“My role and my soul were eating one another alive.”

That disturbing sense of disconnect led Barbara Brown Taylor to leave the priesthood and move into education after a period of detox from her professionalised spirituality. The externals of ministry can force the pace and demand us to function in ways that are at odds with who we are in the core of our being. We run the danger of gaining a whole world of recognition while losing our souls. When criticism and negativity eat into us, cynicism forms a hard carapace on that precious part of us we call our soul.

Time to stop and listen.

Look to the Lord and his strength.

Seek his face always. (Psalm 105:4)

Rowan Williams speaks of how we have secularised the “soul” and reduced it to the ever-present and ever-demanding “self”. He says that our self recovers its place as our soul “under the gaze of grace”. Eugene Peterson echoes that view when he describes the self as the soul minus God.

Time to stop and look.

Look to the Lord and his strength.

Seek his face always.

Under the gaze of grace our withered soul blooms and blossoms again. That deep inner core where heart and mind and strength are held together, turns towards the God of grace and discovers a smile of welcome, without reproach. The shell of repressed resentment melts slowly. And we smile back.

Time to stop and pray.


Look to the Lord and his strength.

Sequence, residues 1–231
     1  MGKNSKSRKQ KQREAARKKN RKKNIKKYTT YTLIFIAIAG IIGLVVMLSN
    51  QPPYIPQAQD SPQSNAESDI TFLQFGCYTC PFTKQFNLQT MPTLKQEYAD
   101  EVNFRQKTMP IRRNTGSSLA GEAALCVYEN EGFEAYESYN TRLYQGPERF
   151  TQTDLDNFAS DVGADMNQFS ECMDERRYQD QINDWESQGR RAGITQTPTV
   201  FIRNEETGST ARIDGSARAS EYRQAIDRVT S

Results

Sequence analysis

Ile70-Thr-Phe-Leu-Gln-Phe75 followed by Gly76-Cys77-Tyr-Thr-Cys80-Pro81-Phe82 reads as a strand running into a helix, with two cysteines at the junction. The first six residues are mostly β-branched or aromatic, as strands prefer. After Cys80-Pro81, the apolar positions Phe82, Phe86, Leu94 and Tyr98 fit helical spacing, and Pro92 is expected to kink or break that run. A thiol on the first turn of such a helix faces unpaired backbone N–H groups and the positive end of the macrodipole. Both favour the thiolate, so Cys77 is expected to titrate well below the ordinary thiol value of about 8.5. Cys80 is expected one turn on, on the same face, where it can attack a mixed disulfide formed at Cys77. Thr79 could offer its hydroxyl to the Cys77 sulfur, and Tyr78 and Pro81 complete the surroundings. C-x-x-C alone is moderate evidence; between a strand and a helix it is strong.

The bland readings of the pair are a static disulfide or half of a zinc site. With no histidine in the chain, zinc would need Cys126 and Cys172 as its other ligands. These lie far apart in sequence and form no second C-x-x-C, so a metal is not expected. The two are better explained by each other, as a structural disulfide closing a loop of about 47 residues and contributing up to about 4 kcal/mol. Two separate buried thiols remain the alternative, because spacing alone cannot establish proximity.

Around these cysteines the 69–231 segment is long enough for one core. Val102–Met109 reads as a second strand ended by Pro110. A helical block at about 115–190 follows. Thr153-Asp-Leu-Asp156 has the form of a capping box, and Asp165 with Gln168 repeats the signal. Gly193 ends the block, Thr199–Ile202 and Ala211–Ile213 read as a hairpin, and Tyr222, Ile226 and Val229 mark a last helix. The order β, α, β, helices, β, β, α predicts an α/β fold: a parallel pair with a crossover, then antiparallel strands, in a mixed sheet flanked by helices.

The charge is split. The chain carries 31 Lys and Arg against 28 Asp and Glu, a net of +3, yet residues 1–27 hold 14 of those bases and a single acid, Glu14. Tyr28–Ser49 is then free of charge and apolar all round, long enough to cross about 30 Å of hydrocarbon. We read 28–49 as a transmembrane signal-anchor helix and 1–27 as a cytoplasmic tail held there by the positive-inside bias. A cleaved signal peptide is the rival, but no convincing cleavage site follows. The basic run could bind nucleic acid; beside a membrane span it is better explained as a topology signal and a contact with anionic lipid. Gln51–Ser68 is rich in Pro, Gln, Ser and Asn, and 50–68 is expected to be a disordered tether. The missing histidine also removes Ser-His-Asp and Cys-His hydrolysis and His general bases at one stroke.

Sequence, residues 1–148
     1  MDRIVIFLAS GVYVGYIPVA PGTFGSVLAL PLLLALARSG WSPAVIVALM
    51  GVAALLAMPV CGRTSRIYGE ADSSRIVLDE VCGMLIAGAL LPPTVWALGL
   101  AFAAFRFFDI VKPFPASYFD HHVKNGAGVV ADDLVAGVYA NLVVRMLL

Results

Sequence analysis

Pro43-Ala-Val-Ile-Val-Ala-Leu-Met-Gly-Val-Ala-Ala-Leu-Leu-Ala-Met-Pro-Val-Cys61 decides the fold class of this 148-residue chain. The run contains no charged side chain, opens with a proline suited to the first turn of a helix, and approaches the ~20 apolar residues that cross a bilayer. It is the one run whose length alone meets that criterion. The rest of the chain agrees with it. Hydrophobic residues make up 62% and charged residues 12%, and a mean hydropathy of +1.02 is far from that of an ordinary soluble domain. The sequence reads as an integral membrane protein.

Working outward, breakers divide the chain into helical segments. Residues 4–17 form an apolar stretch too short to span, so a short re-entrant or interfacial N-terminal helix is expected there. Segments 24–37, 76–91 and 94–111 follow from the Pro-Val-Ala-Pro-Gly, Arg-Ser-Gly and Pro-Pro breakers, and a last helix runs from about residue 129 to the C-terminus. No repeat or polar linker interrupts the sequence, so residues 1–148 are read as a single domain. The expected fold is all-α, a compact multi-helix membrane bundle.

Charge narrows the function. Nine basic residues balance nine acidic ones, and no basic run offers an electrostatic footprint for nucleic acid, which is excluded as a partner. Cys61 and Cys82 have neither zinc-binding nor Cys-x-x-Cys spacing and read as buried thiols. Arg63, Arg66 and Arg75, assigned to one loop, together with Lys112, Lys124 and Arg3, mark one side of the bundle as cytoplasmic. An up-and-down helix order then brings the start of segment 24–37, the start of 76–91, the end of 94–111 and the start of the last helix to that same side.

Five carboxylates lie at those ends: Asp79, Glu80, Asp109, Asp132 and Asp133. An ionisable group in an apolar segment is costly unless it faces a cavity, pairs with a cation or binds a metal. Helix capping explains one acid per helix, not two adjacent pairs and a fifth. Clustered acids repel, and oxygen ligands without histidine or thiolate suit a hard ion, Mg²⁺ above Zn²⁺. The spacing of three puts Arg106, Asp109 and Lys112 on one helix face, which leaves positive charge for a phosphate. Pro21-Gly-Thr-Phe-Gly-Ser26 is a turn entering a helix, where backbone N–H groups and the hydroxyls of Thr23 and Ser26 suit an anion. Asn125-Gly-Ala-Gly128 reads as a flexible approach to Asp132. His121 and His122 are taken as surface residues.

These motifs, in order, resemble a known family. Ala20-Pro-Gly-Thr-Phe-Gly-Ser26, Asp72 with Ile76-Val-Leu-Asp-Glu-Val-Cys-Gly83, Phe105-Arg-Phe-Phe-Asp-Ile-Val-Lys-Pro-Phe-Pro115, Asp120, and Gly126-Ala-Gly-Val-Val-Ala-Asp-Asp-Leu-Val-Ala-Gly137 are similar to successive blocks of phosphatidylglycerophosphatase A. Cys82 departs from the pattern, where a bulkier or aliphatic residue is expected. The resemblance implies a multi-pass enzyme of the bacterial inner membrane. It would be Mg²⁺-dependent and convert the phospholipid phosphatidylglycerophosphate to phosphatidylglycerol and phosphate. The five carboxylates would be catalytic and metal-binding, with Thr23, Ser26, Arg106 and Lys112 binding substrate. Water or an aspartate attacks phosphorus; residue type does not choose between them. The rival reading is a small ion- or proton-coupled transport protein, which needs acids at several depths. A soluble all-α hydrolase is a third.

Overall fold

The spiritual guides of the past encourage us to an athletic discipline of a rhythm of prayer and contemplation. Entering the silence to sit in God’s gaze of grace in the morning before the eyes of the world are on us. A quiet nod of recognition in the middle of the day and a gentle closing of the gate on the day before we sleep.

Time to stop and see with new eyes.

Look to the Lord and his strength.

Seek his face always.

Like the tidal rhythms of the ocean, our soul begins to seek the face of God, and we begin to recognise his face in others who leave traces of grace on us. In time we even see the face of God in those who hurt us or put us down. We learn to offer them the gaze of grace and bless them. As we linger longer in God’s presence, he will “take from us all we need carry no longer, that we may be free again to choose to serve and be served.” Role and soul will walk in step with each other again.

Bless the Lord, O my soul! And all that is within me bless his holy name.

Bless the Lord, O my soul! And forget not all his benefits.            


By Peter Neilson